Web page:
Changing the Tracks

Several of this year’s tenure-track faculty members have stayed at HSE previously as postdoctoral fellows. The HSE Look talked to Arnab Roy Chowdhury, Assistant Professor at School of Sociology, about his experience and on how best to get immersed into the HSE academic community.

What’s been the major feature of your previous year as a post-doc at HSE? What do you define as your success during that time?

I’ve been involved in many activities as a postdoc, namely, doing new research, submitting articles for publication, teaching, and participation in summer and winter schools as well as conferences. I believe that getting teaching experience is very important for postdocs, since otherwise in your first year of tenure-track you might be not so good in the classroom. Last year I taught three courses for undergraduate and graduate students, supervised term papers and one master’s thesis, and I was very happy when my students performed well.

I published two papers and two book reviews, already with HSE affiliation, and I think it’s a significant achievement in one year. My h-index increased from 2 to 4, which means that at least 4 to 5 papers have cited my work, and it’s great not only for the quantifiable results of academic work but also for seeing that your research has an impact on others.  Besides publications I also did a bit of fieldwork in Bangladesh for several weeks for my ongoing research on refugee crisis issues. Apart from all this I have also explored a lot of places in Moscow and around it, and visited Saint-Petersburg.

Did you get to know a lot of colleagues in your area of research at HSE?

I did my postdoctoral year at the Public Policy Department, and at first workshop they organised I found out that my colleagues worked on similar issues, so I collaborated with them.  Then I also learned more about colleagues from School of Sociology, like Christian Fröhlich, and School of Political Science, like Ekim Arbatli, because they work on social movements, sociology of conflict, migration, political sociology, which are my areas of interest.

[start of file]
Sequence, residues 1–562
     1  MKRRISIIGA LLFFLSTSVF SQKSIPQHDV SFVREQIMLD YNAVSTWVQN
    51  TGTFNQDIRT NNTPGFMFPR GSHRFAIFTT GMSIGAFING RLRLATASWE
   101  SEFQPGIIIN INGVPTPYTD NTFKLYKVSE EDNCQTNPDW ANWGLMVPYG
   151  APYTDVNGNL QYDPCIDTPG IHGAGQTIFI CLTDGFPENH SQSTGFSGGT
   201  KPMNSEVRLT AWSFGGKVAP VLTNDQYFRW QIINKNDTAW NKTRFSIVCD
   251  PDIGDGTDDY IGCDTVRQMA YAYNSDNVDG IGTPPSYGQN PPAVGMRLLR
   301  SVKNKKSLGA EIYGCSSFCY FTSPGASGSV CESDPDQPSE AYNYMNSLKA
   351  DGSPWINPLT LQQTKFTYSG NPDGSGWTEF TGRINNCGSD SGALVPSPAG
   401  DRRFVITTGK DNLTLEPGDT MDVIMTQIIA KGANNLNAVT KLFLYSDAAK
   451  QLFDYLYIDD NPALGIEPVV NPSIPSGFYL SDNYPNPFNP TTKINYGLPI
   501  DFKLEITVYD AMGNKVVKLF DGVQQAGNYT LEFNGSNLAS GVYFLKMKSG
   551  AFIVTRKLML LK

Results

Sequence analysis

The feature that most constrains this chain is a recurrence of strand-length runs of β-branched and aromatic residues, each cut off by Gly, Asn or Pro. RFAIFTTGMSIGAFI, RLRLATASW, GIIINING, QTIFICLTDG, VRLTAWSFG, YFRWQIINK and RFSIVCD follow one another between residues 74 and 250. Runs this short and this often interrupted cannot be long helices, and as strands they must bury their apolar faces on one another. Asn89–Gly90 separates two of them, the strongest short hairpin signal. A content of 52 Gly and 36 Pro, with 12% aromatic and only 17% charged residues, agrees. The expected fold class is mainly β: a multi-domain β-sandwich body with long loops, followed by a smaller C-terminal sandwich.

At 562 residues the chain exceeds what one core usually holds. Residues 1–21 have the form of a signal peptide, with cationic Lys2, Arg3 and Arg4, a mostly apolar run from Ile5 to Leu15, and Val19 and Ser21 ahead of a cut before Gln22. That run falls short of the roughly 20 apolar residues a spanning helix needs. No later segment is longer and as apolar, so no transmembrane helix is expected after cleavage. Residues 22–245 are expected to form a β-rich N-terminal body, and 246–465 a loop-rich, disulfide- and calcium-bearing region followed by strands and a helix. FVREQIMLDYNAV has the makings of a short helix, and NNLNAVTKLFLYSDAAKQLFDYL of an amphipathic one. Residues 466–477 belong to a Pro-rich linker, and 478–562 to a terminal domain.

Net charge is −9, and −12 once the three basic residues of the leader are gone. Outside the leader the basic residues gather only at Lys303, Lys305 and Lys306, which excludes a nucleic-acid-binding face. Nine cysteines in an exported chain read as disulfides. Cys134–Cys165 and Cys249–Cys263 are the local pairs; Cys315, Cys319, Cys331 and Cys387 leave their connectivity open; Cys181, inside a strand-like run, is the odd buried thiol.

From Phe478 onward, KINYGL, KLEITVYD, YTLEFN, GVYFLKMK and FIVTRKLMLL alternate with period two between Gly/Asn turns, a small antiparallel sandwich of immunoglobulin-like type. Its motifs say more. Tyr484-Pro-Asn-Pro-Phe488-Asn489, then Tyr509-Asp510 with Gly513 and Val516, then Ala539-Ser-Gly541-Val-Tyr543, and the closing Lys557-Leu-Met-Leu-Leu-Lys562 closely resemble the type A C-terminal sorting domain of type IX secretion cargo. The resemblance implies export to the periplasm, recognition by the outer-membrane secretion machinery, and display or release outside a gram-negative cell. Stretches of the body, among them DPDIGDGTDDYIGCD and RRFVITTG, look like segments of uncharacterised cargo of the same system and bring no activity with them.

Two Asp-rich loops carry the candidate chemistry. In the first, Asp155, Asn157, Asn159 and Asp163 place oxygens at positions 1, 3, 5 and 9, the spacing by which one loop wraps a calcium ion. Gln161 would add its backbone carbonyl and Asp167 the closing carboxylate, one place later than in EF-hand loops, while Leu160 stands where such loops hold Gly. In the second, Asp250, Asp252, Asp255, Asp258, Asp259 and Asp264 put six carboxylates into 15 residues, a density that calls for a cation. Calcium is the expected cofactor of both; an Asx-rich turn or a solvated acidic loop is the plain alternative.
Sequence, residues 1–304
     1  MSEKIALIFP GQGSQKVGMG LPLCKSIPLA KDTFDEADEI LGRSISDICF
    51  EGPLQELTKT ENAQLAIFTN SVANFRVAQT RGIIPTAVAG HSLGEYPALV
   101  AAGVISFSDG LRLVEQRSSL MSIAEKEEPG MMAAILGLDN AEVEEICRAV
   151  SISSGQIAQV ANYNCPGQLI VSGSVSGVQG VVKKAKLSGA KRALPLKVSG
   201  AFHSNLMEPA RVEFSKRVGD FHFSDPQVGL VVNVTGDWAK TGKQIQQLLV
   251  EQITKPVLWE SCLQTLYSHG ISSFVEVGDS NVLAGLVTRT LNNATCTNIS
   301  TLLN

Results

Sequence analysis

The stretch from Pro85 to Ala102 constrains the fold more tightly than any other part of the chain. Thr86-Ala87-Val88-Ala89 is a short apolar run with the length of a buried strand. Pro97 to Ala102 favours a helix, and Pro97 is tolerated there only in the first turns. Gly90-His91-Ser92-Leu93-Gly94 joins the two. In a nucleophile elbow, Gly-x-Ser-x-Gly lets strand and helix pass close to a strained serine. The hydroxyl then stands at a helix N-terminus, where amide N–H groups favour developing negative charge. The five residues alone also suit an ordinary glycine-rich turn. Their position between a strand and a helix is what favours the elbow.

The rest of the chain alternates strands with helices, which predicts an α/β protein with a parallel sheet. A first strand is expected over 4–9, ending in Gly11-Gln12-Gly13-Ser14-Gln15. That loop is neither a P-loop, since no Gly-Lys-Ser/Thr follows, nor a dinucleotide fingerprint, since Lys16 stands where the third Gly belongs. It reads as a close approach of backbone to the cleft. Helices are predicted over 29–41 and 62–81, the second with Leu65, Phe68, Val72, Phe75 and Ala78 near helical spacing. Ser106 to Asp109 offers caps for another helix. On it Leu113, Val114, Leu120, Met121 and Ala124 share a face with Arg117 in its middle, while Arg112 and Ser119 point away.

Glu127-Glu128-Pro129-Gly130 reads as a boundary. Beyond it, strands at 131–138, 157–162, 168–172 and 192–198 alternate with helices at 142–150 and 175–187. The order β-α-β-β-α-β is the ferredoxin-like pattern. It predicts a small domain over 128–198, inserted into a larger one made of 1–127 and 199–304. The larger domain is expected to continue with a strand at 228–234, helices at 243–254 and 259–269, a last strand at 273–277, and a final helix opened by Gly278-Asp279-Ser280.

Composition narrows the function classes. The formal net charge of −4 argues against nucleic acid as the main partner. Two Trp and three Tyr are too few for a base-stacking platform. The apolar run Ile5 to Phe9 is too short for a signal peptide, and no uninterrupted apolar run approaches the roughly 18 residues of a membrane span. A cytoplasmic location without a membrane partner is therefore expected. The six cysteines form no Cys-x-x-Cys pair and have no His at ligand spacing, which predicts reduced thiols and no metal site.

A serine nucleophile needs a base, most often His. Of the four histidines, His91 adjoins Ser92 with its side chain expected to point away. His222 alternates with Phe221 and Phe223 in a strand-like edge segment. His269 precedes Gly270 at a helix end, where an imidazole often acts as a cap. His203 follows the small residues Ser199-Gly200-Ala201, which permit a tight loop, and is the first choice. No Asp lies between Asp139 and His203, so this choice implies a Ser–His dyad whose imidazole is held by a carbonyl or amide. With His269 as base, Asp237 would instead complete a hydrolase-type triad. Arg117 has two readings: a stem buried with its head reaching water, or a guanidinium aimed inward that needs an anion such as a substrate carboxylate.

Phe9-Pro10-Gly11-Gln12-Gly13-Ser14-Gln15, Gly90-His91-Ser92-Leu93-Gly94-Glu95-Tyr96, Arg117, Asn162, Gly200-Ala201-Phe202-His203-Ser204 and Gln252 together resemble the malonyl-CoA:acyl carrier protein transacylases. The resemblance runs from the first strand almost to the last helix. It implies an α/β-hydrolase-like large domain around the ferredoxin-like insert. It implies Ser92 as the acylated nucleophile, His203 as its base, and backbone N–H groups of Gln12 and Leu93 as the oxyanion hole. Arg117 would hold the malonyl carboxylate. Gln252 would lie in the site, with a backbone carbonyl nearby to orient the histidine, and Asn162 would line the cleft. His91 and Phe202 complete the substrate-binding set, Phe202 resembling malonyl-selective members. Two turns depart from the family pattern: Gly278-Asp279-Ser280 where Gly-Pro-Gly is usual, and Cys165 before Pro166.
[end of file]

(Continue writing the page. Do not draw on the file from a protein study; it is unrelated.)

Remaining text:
I also had a chance to expand my international academic network with the help of Public Policy department through their connection to very prominent international scholars from Canada and Singapore, and to collaborate with them. I also went to Germany for a public policy conference at Freie Universität Berlin, and we are actually coming up with an edited book for which I am writing a paper and an edited volume of a journal, for which I am writing another paper. So that was really fruitful.  Apart from that I also participated in conference at Göttingen University which is even more directly related to my area of research - it was devoted to sociology of violence, migration, especially forced migration and refugees. So I presented the paper on Rohingya refugee crisis and I will shape it in a journal paper very soon.

What are your plans for a first year as a tenure-track?